The fourth key message (sensitising concept) in this report is that schools are 'probably' part of the solution to the problems. Children looked after tend do well in those schools where other children do well, but there also seems to be some factor which means that some schools are particularly good with them. In addition, there is some evidence that a combination of an ‘academic’ intake (in terms of average KS2 score) and a 'habit' of taking a high proportion of children who qualify for free school meals (FSM) is associated with better than average success for children looked after.
Reference: Berridge, D., Bell, K., Sebba, J., Luke, N. (2015). The educational progress of looked after children in England: Technical Report 3: Perspectives of young people, social workers, carers and teachers. London: Nuffield Foundation
This Technical Report 3, discusses the analysis of qualitative data from interviews with a sample of looked after young people eligible to take their GCSEs in summer 2013, as well as selected individuals involved in their care and education. To summarise, the research team collaborated with six local authorities, three of which (from 2013 national statistics) were ranked towards the top in their GCSE results with looked after pupils, and the other three were nearer the lower end. In each, we asked Virtual School headteachers to identify three young people who made better progress than expected between Key Stages 2-4, and three others who made worse progress than expected.
This part of the overall Nuffield project research used peer interviewers, who were themselves care-experienced, to talk with young people and foster carer interviewers to interview foster carers and one residential worker. The former particularly managed to obtain very detailed and insightful material. In total, there were over 1,000 pages of transcribed qualitative data. This paper attempts to summarise some of the main themes that emerged, drawing on sections from this data.
Qualitative data collection strategies, as part of a mixed-methods research approach (actually mixed strategies), does not just add to quantitative data - it actually provides an insight into explanations of that statistical data - in this case from the perspective of looked after young people. Whilst the current policy/research paradigm aspires to the 'scientific model' of quantitative (post-positivist) probability justifications for understanding, actually, the looked-after child's world is a qualitative one, as it is for their carers and teachers. We like this technical report 3 for that reason.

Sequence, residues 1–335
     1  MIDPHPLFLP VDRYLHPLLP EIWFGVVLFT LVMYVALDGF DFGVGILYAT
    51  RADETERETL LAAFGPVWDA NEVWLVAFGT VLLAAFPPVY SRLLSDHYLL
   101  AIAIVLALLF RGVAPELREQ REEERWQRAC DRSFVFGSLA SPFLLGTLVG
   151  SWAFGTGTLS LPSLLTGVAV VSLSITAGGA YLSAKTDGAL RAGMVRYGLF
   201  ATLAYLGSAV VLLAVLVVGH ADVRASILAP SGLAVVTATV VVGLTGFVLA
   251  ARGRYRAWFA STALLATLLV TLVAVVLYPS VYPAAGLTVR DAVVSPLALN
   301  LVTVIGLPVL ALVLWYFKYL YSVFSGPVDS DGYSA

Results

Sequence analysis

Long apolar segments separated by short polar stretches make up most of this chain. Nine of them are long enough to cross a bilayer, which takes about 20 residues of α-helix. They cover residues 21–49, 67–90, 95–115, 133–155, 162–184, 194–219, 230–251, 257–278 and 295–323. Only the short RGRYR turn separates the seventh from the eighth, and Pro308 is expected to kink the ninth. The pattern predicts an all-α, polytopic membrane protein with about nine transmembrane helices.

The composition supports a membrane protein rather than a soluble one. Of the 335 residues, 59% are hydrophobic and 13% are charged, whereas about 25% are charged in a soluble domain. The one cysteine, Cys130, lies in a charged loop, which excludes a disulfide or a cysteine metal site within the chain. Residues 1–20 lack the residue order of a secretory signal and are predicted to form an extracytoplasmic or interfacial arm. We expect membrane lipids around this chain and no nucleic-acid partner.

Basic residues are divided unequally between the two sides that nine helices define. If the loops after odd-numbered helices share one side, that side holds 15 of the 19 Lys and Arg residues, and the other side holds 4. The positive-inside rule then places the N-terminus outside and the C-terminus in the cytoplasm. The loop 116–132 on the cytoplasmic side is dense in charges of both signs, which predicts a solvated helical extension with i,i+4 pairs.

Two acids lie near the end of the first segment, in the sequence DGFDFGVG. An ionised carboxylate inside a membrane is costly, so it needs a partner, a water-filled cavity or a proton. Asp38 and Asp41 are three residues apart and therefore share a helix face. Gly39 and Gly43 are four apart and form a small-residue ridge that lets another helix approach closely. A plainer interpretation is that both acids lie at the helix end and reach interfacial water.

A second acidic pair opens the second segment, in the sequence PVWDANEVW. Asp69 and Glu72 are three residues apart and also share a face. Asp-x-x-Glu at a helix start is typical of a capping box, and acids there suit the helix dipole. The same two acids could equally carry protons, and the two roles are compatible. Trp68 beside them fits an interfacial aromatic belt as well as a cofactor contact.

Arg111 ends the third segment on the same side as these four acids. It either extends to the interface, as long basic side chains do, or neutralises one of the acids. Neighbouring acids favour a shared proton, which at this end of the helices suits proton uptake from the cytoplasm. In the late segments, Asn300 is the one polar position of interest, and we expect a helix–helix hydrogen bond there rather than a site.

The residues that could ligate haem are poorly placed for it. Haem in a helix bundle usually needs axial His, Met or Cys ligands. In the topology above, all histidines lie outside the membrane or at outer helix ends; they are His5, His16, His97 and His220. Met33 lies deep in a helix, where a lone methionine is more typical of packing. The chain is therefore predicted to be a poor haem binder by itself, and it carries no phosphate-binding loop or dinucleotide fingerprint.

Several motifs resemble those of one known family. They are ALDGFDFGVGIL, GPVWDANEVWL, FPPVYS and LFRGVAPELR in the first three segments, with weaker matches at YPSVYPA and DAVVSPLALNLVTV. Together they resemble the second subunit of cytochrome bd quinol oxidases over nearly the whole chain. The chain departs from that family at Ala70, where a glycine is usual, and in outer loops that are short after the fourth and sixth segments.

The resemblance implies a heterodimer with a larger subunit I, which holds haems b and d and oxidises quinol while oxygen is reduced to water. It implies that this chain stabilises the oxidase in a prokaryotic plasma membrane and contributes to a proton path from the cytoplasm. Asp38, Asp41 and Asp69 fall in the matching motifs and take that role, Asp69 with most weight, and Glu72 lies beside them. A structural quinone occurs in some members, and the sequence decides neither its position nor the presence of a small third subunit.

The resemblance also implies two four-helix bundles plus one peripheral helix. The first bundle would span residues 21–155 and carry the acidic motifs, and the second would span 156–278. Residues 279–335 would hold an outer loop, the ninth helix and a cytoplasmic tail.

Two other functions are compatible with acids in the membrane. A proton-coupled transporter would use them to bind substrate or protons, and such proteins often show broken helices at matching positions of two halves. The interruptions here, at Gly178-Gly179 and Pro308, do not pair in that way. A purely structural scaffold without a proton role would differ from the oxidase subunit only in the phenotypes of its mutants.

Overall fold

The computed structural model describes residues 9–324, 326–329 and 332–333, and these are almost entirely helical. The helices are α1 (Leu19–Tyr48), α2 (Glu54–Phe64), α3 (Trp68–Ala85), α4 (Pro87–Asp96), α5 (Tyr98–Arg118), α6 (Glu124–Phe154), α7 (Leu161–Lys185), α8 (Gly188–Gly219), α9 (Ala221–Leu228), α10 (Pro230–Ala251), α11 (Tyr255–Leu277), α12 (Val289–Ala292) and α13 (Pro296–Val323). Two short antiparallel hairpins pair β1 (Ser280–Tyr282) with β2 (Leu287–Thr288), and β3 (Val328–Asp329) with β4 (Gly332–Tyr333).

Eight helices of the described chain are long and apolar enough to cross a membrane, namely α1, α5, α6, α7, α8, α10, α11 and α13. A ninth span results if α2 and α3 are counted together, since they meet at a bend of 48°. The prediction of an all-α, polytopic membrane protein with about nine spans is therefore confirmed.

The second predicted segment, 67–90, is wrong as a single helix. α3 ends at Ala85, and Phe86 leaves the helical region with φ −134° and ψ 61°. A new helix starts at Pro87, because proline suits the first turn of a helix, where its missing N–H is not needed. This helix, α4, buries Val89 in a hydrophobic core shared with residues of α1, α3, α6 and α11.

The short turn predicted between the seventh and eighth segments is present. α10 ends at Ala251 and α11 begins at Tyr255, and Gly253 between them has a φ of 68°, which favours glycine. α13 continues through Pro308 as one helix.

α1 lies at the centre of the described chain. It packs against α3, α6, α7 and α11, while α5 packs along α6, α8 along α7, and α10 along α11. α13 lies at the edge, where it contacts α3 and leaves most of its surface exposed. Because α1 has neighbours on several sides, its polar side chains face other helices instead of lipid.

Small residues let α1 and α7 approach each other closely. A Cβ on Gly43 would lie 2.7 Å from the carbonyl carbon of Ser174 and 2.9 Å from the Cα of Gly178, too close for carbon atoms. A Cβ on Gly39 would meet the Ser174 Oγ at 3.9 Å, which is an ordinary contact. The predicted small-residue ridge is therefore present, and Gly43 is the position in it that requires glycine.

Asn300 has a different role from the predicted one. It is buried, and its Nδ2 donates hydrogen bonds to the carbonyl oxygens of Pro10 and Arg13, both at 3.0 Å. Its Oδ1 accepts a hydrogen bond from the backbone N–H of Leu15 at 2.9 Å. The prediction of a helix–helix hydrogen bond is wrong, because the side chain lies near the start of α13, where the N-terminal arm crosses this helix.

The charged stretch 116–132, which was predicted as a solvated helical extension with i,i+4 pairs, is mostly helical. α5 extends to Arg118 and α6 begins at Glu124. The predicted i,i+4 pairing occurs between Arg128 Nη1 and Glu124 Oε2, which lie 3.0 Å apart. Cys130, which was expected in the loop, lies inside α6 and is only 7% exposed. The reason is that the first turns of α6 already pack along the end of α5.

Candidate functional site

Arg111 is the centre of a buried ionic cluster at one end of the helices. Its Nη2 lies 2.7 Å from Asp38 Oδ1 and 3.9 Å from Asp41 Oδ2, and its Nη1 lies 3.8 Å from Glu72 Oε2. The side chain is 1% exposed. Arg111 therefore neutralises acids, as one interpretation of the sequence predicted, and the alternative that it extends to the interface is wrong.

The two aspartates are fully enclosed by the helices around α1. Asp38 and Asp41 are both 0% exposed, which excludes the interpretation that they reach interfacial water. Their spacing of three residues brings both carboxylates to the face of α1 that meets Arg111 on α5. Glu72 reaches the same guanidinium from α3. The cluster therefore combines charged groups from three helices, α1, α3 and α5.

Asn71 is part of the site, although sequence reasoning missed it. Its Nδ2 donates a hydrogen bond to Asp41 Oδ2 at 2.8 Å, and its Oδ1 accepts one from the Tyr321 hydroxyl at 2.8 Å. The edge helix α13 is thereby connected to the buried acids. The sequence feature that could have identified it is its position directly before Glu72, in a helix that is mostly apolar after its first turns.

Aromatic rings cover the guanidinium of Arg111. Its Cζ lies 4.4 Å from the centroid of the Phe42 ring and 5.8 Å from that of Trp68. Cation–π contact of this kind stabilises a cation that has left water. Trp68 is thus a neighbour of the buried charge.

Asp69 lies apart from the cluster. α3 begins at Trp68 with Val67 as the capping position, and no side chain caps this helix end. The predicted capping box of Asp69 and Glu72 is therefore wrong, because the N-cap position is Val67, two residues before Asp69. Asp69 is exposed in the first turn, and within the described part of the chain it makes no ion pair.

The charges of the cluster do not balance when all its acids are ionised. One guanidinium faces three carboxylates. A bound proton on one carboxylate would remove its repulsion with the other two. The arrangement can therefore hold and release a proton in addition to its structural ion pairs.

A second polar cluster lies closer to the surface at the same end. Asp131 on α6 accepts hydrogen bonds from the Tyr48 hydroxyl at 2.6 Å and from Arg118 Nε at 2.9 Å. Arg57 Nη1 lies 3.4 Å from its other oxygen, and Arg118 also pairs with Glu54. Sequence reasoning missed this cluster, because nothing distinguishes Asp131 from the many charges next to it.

The Nuffield Foundation is an independent charitable trust with a mission to advance educational opportunity and social well-being. The Nuffield Foundation was established in 1943 by William Morris, Lord Nuffield, the founder of Morris Motors. The Nuffield Foundation is an endowed charitable trust that aims to improve social well-being in the widest sense. It funds research and innovation in education and social policy and also works to build capacity in education, science, and social science research.
Note that grey literature publications should be referenced in the normal (Author, date) convention. Grey literature is any information that is not produced by commercial publishers. It includes research reports, working papers, conference proceedings, theses, preprints, white papers, and reports produced by government departments, academics, business and industry, although here at lookedafter.org.uk we collate academic research (social research that has a particular theoretical framework) separately from research that is survey-based (designed to identifying so-called 'social facts').